ROOSEVELT: U.S. DEFENSE PLAN EMPHASIZES AIDING ALLIES

Washington, D.C. December 20, 1940

On this date in 1940 President Franklin D. Roose­velt appointed William Knud­sen to head a four-member board (Office of Pro­duc­tion Manage­ment, or OPM) to plan for national defense and coor­di­nate aid to Great Britain following Germany’s total block­ade of that island nation in mid-August (Battle of the Atlantic). A Danish immi­grant at the age of 20, Knud­sen had worked for Ford (1911–1921) and General Motors, moving from heading the Chev­ro­let divi­sion to heading GM in 1937. In his long auto­mo­tive career Knud­sen had emerged as a skilled man­ager of resources and a leading ex­pert in mass pro­duc­tion, cham­pioning the criti­cal role of inter­change­able parts, con­tin­u­ous work­flow and a moving assem­bly line for enhanced effi­ciency and pro­duc­tivity, and sim­pli­fied design, among the many manu­fac­turing prac­tices he put into place. Roose­velt now invited Knudsen to apply his skills to help with war production.

In a “fireside chat” from the White House broad­cast by more than 500 stations nine days later, on Decem­ber 29, Roose­velt warned Amer­i­cans of im­pending dangers at home and abroad and appealed to citi­zens to sup­port “the rear­ma­ment of the United States.” At a time when mil­lions of German mili­tary per­son­nel occupied much of Europe and the Luft­waffe daily rained destruc­tion on British cities and harbors (Blitz), we must, the presi­dent stressed, be “the great arse­nal of demo­cracy” for those fighting totali­tarian dicta­tor­ships—espe­cially for the British, who at the moment were “the spear­head of resis­tance to world conquest.” “They are,” he prophesied, “putting up a fight which will live forever in the story of human gallantry.”

“We are planning our own defense with the utmost urgency,” Roose­velt asserted to his radio listeners. But above and beyond that his address was “a call to arm and support” our Euro­pean and Chi­nese allies in their all-out war against Nazi Germany and Impe­rial Japan “by sending every ounce and every ton of muni­tions and supplies that we can possi­bly spare to help the defenders who are in the front lines.” (Knudsen was asked to review and com­ment on an early draft of the address.) Such assis­tance, the presi­dent said, would spare Amer­i­cans the agony and suffering of war that others have had to endure.

“The great arsenal of democracy” came to spe­cif­ically refer to Amer­i­can indus­try and labor as the chief mili­tary sup­plier for the Allied war effort. Indus­try and labor had the power to turn the tide of the war, Roose­velt said, and in a large mea­sure they did just that. “For us,” FDR intoned near the end of his address, “this is an emer­gency as serious as war itself. We must apply our­selves to our task with the same reso­lu­tion, the same sense of ur­gency, the same spirit of patriotism and sacrifice as we would show were we at war.”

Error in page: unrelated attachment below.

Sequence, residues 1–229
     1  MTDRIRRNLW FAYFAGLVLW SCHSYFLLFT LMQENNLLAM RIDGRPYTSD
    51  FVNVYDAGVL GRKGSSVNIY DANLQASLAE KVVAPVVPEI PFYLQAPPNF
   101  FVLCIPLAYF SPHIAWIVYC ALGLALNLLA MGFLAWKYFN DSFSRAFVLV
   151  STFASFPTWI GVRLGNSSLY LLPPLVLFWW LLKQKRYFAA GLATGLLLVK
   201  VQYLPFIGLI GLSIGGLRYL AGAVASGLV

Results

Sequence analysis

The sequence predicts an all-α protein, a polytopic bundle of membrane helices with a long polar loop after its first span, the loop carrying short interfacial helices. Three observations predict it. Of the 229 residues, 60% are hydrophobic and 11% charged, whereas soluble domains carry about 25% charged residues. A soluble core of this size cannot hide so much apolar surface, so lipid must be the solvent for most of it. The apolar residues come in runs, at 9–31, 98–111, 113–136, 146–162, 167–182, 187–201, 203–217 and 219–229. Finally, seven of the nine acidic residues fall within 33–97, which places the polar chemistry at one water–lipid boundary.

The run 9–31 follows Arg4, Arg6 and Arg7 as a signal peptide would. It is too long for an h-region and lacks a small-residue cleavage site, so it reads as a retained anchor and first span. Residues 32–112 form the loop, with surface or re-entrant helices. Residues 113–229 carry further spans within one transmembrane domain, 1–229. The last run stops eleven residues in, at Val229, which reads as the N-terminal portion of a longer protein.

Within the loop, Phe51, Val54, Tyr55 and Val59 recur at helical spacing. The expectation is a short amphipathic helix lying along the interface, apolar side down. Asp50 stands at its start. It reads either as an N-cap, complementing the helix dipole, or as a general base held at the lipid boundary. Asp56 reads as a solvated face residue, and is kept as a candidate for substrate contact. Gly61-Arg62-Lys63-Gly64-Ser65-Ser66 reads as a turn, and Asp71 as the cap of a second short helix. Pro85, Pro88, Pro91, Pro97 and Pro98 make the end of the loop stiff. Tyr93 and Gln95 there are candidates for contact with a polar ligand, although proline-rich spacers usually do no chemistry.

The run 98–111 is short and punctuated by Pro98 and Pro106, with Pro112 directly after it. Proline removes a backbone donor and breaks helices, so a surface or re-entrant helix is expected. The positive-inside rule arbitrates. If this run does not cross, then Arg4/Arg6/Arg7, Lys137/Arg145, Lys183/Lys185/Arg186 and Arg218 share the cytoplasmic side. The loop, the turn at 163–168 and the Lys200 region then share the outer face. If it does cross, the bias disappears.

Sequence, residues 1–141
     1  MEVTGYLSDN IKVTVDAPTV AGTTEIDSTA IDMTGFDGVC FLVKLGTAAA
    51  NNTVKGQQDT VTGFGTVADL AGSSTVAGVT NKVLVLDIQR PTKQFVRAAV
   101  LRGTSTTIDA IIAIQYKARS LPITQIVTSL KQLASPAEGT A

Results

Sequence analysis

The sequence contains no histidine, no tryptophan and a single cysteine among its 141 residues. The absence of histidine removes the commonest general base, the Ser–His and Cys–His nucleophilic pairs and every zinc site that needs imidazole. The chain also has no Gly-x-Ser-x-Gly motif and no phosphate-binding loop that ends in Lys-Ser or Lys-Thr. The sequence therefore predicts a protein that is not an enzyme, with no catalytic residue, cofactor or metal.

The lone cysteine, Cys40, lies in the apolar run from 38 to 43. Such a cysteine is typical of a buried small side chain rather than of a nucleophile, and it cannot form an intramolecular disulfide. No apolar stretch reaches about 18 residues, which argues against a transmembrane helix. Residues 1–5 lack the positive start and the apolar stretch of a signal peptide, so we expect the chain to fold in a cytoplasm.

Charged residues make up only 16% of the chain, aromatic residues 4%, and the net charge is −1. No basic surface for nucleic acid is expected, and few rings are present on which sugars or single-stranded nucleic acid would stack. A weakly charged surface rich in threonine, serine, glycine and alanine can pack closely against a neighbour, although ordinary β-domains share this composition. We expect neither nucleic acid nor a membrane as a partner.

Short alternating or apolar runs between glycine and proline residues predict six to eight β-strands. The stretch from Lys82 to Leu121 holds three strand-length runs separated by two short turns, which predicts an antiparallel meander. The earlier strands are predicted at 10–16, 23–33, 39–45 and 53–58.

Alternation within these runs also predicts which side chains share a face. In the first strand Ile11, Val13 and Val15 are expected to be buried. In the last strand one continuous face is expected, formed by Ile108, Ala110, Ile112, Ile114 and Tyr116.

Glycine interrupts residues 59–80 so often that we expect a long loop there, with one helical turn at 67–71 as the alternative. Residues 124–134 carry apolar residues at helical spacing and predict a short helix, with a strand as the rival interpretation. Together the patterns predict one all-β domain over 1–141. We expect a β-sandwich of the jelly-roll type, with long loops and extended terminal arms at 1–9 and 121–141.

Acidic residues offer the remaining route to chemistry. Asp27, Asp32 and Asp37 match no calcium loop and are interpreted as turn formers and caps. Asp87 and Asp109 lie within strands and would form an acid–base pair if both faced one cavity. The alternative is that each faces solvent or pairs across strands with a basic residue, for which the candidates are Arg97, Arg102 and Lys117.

Steps on Becoming the “Arsenal of Democracy”

Roosevelt fireside chat, May 7, 1933 Roosevelt radio address, January 11, 1944

Left: At 9:20 Sunday evening, Decem­ber 29, 1940, in a room filled with Wash­ing­ton digni­taries and two Holly­wood stars (Clark Gable and his wife, Carole Lom­bard), Roose­velt began the six­teenth fire­side chat of his pres­i­dency. The talk would center on national secu­rity, he fore­warned his lis­teners. The peril to the nation repre­sented by Nazi Germany, Fascist Italy, and Impe­rial Japan—the princi­pal Axis powers—was clear, he said. Standing between Axis world domi­na­tion and Western demo­cracy stood Great Britain. “If Great Britain goes down, the Axis powers will . . . be in a posi­tion to bring enor­mous mili­tary and naval resources against this hem­i­sphere. . . . All the Amer­icas would be living at the point of a gun.” Hours earlier a Luft­waffe raid on London demon­strated the pointed gun, severely damaging famous buildings and churches in the city’s center and threatening St. Paul’s Cathedral in the conflagration.

Right: President Roosevelt gave over 30 fireside chats during his presi­dency (1933–1945). By the end of the 1930s, events in Europe and Asia moved the focus of these radio addresses from econo­mics to foreign affairs as FDR weighed in on the sub­ject of Amer­i­can neu­trality and mili­tary pre­pared­ness in the face of opposi­tion by non-interventionist pres­sure groups like the 800,000-mem­ber-strong “Ame­rica First Com­mittee.” After the Japa­nese attack on Pearl Harbor and the over­night retreat of the iso­la­tionists (renown aviator Charles Lind­bergh was their unoffi­cial leader and spokes­person), Roose­velt’s fire­side chats shifted to fighting a glo­bal war as he led the nation in “the defense of our civili­zation [and in] the building of a better civili­zation in the future”—fore­shadowing his war­time role in words from his December 1940 address.

Photo Montage and Audio of President Roosevelt’s Fireside Chat on Becoming the “Arsenal of Democracy”


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